Why Personal Training Is Good For You

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A lot of people think that personal training is for pros and wannabe athletes, but it’s actually great for anyone who wants to meet a fitness goal. Whether you’re just starting out or a longtime gym goer/recreational athlete, trainers can help you get the results you want faster, safely and more effectively than you could on your own.

Trainers are certified professionals with in-depth knowledge of exercise science and human physiology and mechanics. They also understand exercise adherence and how to motivate clients. Some even have specialties that allow them to work with different types of injuries or conditions. If you’re going to spend money on a trainer, look for one with National Commission of Certifying Agencies (NCCA) accreditation. You can also search for trainers who have a college degree in exercise science, physical education or a related field.

On your first session, your trainer will take your body measurements, assess your current strength and endurance and do other tests or activities to determine the best way to help you achieve your goals. From there, you’ll both agree on a plan of action that may include incorporating cardio exercises, weights, flexibility workouts and other activities into each session. You might also do homework that includes walking routines, logging your food intake or exercising at home to supplement the training sessions.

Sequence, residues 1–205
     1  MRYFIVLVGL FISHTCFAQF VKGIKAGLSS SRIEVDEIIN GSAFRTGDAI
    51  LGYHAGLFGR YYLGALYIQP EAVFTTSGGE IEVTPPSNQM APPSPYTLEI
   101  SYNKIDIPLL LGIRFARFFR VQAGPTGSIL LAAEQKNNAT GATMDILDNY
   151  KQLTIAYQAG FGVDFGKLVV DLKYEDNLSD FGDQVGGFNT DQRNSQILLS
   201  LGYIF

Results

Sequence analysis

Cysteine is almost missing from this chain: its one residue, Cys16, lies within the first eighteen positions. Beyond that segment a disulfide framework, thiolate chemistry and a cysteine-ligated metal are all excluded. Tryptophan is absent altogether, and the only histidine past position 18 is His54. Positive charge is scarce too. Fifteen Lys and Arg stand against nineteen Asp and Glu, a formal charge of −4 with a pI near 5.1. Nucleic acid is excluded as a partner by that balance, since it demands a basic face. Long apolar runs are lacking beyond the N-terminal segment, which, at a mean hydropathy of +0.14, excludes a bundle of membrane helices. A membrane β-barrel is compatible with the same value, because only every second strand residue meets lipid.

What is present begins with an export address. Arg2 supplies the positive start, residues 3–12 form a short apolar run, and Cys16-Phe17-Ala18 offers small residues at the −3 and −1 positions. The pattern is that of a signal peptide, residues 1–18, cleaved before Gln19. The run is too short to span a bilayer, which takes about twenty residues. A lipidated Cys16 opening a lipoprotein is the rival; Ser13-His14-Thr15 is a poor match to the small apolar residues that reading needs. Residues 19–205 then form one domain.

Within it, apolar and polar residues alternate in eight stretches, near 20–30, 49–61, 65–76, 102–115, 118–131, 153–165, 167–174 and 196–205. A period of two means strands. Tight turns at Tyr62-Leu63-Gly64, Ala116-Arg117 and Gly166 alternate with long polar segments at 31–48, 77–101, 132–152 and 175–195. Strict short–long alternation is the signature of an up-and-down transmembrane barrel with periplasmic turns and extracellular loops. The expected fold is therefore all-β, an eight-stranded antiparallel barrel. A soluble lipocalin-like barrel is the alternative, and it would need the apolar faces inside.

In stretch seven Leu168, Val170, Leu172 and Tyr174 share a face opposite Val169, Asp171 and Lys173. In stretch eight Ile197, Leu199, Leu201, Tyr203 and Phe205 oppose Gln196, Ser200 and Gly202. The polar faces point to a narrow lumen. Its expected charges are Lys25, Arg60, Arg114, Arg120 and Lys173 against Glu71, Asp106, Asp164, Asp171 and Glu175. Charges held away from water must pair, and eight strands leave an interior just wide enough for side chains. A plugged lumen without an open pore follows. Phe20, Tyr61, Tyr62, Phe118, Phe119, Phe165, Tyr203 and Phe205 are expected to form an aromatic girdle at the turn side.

During your workouts, your trainer will make sure you’re performing each exercise correctly, and may provide immediate feedback if something doesn’t feel right. This helps reduce the risk of injury and ensure that you’re getting the most benefit from your sessions. In fact, studies have shown that the more corrective feedback you receive during a workout, the better your muscle-building and metabolism-boosting results.

Another reason why personal training is beneficial is that it can give you an extra boost of motivation. Just knowing that you have a scheduled appointment with a trainer may be enough to keep you on track to meet your fitness goals, even when you’re feeling sluggish. This outside motivation has been shown to increase adherence to exercise and promote self-efficacy in men and women, which can lead to more regular workouts.

It’s important to remember that just because you can physically do burpees doesn’t mean you’re always going to want to do them. A trainer will be able to find exercise choices that you enjoy and will help you build on your successes, which will increase your confidence and motivation.

As you build your client base, it’s a good idea to consider other job opportunities at the gym to learn more about how it runs and to connect with patrons in a new way. For example, you could work at the front desk to gain experience with customer service and to develop your interpersonal skills. You could also work in the weight room to become familiar with the equipment and learn how to assist a client with proper technique. These experiences can be helpful when you’re a trainer and are working with clients of all fitness levels.

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